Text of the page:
Thursday, April 29, 2021
Hannah Ming wants Black women to have a voice in maternity care. Through her research, she is trying to understand if racism plays a role in poor outcomes during childbirth.
“I focus specifically on health disparities, and in that area, it is mainly maternal health disparities,” said Ming, a doctoral student in the Department of Health Behavior and Policy in the Virginia Commonwealth University School of Medicine. “For my dissertation I am focusing on whether racism and discrimination affect the beliefs and perceptions that women have about themselves and how that impacts their health outcomes.”
Research shows that Black women are four times more likely to die in childbirth. Ming said some people within the health care industry have tried to argue that genetics play a role. That cannot be the case, Ming said, because immigrants from Africa do not have such a disparity of health outcomes in the United States, while African Americans do.
“If it’s about Black bodies, then women who came from Africa would be dying at the same rate,” Ming said.
A grant from Phi Kappa Phi, the nation’s oldest collegiate honor society, is helping to fund Ming’s research. Ming was inducted into Phi Kappa Phi while earning her master’s degree in public health at VCU. Staff within the School of Medicine encouraged her to apply for membership, and she was excited when she was accepted, as only the top 2% of students gain membership into the organization.
“It was such a big feeling when I got accepted,” Ming said. “It was like ‘Oh my gosh.’ It was a very gratifying moment to be able to participate in such a prestigious organization and to be recognized for my hard work.”
The $1,500 grant Ming applied for last year and received in March will fund the first phase of the research where she conducts interviews with women. She is advertising for participants on social media and will conduct the interviews through video conferencing. She likes the technological aspect of gathering information because it allows more people to participate in the process.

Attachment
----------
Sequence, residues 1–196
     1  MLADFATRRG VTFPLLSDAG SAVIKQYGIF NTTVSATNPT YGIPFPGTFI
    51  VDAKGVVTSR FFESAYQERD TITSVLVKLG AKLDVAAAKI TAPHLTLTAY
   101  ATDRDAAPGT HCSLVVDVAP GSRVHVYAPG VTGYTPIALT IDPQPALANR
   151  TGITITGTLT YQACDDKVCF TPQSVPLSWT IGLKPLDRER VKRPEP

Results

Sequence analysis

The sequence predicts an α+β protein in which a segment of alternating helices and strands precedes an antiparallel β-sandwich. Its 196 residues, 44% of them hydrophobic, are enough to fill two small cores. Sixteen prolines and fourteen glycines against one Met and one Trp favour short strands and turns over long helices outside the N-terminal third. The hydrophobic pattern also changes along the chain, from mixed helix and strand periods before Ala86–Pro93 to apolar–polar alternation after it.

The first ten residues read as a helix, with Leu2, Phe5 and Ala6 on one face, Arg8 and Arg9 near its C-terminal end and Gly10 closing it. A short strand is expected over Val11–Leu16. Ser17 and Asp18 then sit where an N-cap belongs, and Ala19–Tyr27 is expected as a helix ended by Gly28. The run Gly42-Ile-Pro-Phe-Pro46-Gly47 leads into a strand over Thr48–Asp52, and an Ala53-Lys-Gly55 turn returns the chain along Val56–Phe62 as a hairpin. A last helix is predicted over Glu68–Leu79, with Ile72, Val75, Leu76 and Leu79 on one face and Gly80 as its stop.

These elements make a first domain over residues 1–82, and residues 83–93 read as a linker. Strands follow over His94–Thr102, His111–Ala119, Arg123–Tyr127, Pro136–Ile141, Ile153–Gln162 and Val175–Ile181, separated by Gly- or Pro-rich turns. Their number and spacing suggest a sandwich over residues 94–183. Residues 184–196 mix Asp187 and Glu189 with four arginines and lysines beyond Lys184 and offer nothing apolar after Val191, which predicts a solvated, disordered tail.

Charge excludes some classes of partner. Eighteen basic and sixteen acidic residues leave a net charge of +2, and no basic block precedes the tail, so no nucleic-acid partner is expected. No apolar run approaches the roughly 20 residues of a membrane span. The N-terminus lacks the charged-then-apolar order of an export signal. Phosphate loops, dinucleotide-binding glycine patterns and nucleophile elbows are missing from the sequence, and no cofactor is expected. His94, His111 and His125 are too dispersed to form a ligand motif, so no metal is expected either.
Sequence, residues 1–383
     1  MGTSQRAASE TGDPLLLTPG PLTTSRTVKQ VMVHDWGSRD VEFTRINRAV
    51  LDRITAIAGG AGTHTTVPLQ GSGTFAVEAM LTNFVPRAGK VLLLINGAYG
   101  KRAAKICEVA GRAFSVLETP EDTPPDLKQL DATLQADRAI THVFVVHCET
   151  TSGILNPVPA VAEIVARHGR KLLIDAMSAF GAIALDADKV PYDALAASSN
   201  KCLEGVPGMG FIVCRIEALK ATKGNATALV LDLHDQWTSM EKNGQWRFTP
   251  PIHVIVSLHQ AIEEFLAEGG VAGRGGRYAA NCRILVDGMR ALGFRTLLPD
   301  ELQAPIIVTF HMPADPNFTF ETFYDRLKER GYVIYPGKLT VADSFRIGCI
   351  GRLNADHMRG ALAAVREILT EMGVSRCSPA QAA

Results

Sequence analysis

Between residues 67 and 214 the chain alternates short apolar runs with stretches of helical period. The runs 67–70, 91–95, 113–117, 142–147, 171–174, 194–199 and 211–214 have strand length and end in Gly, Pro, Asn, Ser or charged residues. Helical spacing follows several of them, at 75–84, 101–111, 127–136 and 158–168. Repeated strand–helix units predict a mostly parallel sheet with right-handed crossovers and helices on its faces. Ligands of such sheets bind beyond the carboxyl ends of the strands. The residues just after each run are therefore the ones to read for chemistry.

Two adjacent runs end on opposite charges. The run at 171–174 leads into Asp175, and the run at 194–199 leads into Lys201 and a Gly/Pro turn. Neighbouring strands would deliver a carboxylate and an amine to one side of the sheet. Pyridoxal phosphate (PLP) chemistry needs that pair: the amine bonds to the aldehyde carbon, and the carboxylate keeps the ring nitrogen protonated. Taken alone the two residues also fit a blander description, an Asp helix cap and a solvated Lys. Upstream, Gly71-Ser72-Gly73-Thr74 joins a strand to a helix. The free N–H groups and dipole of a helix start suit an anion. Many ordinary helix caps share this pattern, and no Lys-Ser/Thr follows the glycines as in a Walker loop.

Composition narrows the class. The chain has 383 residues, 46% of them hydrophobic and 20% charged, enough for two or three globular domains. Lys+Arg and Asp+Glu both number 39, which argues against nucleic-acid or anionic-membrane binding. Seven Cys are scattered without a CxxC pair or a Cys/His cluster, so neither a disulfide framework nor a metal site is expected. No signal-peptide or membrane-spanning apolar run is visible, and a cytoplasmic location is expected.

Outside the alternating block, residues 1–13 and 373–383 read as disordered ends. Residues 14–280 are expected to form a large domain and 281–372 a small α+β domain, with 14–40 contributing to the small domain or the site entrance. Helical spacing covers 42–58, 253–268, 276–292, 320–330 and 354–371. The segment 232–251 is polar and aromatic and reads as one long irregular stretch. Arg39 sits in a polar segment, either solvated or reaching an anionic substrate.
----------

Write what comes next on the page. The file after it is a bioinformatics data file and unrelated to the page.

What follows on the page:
“I want to always use technology and media in my research approaches,” Ming said. “This whole project is completely virtual. I won’t be interacting with people in person at all. I think this removes a lot of barriers for people to participate in this type of research, because they might lack transportation.”
For Ming, the road to being a doctoral student and researcher has been long. She comes from a low-income background and is a first-generation college student (Ming graduated from James Madison University in 2016). She is proud of how far she has come and the work that she is doing to improve health outcomes among minority women.
From talking to women who have recently given birth, Ming believes health care professionals are often more concerned about the health of the baby than the well-being of the mother. Doctors and nurses may not take the time to talk with the mother and understand problems that might have occurred before and after the child’s birth.
Many women say their care providers never asked about their opinions or feelings about the childbirth experience, according to Ming.
“That was alarming to me, and that made me feel that I wanted to do something for the community,” she said. “I wanted women to realize that they were important, and that they deserve to be heard.”
Once Ming has gathered the information, she will analyze the data. She hopes to give the health care industry the ability to have a better understanding of why Black women have worse outcomes during childbirth and know whether racism plays a role in the type and quality of care that Black women receive.
“I also hope this dialogue helps providers and organizations and policymakers focus on the ways we can decrease discrimination and racism within systems and be more focused on the patient instead of just being focused on the outcomes for the babies,” Ming said.
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